When trading in single currency margin, cost isn’t the only factor to consider – you should also take FX exposure into account. 

Many firms use Single Currency Margin to meet their margin requirements. This has many operational advantages, although there are also costs associated with it. Obviously, dealing with payments across multiple currencies can be both time consuming and costly, especially ensuring that sufficient liquidity is available across all the currencies involved. On the other hand, brokers will be keeping track of your running credits and debits, and charging interest (including a spread) on these balances. 

Firms need to be aware of the various costs involved and work out the optimum set up based on their business. This balance will depend on the specific characteristics of the firm, for example the number of currencies in which margin is calculated for their portfolio and the ability to transact FX trades.

But cost isn’t the only factor to consider. There is also the FX exposure to take into account. Using Single Currency Margin, balances in other currencies can build up over time. This leads to exposure to the FX market, compared with immediately taking any profit or paying any loss in the original currency.

Running these balances has the potential for unexpected losses. This can happen even for a simple position held with a single broker.  But if you had a box position across brokers, with profit held at one and loss at the other, then the effect would be even greater. This is not an uncommon scenario, for example a firm may be clearing ICE Stir positions at one broker and  Eurex Bonds at another.

The balances held in these trading currency accounts will be impacted over time by the broker charges; profits will get smaller and losses will get larger. The credits and debits in different currencies will no longer match. And this is without taking into account any changes in the FX rates between the currencies.  


How can FX movements affect profits on a given trade or strategy?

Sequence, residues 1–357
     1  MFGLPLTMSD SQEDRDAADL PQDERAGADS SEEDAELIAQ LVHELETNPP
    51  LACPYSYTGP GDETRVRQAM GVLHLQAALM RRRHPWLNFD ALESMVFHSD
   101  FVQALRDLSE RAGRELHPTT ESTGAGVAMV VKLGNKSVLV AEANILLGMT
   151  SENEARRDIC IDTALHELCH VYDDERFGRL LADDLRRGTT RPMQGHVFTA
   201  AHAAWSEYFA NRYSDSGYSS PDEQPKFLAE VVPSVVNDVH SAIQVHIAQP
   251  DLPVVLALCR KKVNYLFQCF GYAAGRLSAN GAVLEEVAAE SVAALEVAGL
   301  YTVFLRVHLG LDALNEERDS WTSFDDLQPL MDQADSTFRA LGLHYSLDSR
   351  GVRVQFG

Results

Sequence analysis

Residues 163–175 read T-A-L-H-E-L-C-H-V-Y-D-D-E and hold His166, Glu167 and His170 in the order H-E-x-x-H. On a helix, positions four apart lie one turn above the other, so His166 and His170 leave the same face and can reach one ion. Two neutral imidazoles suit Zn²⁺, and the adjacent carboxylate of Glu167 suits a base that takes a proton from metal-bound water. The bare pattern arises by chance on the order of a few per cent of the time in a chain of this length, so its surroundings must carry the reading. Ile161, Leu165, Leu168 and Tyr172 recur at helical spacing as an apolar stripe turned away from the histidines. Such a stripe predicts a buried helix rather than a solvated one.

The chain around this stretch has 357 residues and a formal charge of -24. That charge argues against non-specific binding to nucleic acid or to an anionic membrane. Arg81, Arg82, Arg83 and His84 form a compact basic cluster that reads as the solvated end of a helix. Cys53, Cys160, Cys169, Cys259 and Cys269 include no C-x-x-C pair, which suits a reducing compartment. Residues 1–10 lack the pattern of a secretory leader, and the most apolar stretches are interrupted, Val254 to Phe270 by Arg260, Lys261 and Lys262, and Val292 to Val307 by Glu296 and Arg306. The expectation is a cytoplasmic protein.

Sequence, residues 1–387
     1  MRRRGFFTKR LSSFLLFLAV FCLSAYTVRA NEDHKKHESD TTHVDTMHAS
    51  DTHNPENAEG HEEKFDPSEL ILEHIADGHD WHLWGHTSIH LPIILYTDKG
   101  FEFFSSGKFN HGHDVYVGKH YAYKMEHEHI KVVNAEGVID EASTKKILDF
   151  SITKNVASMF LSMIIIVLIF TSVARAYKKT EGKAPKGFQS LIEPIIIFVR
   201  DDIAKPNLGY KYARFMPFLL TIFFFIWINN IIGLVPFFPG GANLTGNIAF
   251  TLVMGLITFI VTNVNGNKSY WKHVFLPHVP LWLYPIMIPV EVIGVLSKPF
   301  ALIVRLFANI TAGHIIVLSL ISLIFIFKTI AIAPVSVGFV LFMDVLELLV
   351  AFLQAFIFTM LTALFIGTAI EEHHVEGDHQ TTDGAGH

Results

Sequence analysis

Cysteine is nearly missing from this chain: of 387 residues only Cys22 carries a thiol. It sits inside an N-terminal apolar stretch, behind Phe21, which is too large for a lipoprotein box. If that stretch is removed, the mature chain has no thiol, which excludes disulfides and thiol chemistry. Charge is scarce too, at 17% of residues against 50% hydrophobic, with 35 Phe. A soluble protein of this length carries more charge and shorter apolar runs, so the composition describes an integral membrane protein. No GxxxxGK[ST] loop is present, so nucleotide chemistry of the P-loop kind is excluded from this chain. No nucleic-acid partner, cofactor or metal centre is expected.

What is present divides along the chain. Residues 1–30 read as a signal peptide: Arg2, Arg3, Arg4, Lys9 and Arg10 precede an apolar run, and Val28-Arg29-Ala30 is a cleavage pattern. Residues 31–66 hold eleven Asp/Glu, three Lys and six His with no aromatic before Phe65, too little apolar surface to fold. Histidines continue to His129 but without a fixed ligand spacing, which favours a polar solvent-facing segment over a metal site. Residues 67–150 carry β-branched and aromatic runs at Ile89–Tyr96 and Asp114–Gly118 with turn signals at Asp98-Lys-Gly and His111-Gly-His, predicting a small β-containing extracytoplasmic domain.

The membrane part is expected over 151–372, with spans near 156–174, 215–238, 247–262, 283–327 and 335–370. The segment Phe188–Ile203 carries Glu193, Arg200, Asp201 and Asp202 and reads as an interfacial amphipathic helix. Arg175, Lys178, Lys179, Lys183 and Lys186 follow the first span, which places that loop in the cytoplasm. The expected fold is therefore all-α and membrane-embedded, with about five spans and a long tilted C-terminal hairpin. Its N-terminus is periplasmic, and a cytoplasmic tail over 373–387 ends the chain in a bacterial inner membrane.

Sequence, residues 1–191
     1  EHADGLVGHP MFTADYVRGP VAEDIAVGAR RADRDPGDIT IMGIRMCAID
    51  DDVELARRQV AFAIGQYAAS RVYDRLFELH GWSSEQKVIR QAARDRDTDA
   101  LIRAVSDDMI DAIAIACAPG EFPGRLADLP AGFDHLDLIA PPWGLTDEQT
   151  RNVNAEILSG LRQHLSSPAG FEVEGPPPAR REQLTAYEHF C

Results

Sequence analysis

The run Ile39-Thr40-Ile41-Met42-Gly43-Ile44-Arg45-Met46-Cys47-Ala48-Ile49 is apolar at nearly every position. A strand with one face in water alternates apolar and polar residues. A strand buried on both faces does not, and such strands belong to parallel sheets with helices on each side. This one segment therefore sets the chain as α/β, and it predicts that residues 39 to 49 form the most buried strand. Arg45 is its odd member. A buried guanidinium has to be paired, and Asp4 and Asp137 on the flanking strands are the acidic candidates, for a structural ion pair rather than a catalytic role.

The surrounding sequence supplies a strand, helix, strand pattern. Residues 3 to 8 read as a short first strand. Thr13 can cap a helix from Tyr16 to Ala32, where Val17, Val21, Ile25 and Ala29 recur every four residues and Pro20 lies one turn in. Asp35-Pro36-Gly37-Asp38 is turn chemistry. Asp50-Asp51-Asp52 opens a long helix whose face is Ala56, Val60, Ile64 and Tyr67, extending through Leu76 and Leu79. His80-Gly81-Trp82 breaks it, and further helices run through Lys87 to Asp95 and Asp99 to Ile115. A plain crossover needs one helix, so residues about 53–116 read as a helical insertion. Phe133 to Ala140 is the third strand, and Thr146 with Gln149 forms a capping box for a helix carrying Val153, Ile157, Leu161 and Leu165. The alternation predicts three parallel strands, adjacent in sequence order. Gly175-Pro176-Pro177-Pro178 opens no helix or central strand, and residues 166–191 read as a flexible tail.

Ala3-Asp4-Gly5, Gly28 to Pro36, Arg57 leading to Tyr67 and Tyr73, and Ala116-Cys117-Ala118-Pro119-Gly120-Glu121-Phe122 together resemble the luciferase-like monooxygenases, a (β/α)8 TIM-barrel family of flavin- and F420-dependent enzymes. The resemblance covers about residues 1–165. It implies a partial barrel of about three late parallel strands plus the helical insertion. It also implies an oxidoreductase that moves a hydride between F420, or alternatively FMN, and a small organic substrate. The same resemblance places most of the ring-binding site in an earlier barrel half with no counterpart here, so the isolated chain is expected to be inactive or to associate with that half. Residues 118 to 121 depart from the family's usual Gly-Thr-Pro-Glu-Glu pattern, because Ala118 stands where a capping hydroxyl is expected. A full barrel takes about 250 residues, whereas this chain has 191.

Example One

Assume you have a trade in which you make €100,000 profit. If you are paying your margin in Dollars then you will immediately lose some of this profit as it is converted into the margin currency. If at some point you decide to take this profit from your Dollar account you may find that the value has dropped significantly, based on the FX rate applied. Changes of 1% in FX rates leading to similar losses over a period of time as short as a month is not unexpected.

Example Two

This loss could be even greater in the scenario where the original profit is $100,000 and the margin is being paid in Euros. This is because of the current interest rate regime, whereby holdings in Dollars will be paid interest, whereas those in Euros will potentially not. This means that any expected increase in value based on interest rates will not occur, at the same time as FX rates reduce the value of the profit. 

The combination of potentially larger changes in FX rates and the increased loss of interest, means that even over a relatively short period of time the losses can build up. In this scenario it is very easy to lose more than 10% of the profit within 6 months even during periods of low volatility.

Example Three

Taking the profit from a strategy held across two brokers can greatly increase the impact on profits from these small variations in FX rates. As an example, assume a profit of $100,000 has been made on a spread between Stirs at ICE and Bonds at Eurex. These are cleared through different brokers resulting in a profit of €200,000 at Broker 1 and a loss of €100,000 at Broker 2.

Conducting the same analysis, taking into account the spread in FX rates applied between buys and sells, then these losses can easily rise to over 15%. 

All this analysis was based on relatively small spreads in FX and interest rates, and a period of low volatility in the FX markets. If brokers choose to apply larger spreads and the markets become more volatile, then potential losses of over 25% can quickly build up. And this is without taking into account broker fees for providing Single Currency Margin.


Conclusion

The use of Single Currency Margin in combination with movements in FX rates can have a significant impact on profits even in low volatility markets. This can be exacerbated by the differences in the interest paid or charged based on the currency.

However, it should be noted that just as FX rates can go both up and down, it is possible that the use of Single Currency Margin may result in an increase in profit because of the exposure to the FX markets.

In the same way that firms monitor the risk on their traded positions, they need to ensure that they are properly monitoring their single currency balances to ensure that they are effectively managing their FX exposure. This means having systems and processes in place that are able to provide the information and perform the analysis required to make sure that the use of Single Currency Margin doesn’t result in large FX losses.

Find out more on Single Currency Margining in our latest blog – “Is there a cost to single currency margining?. 

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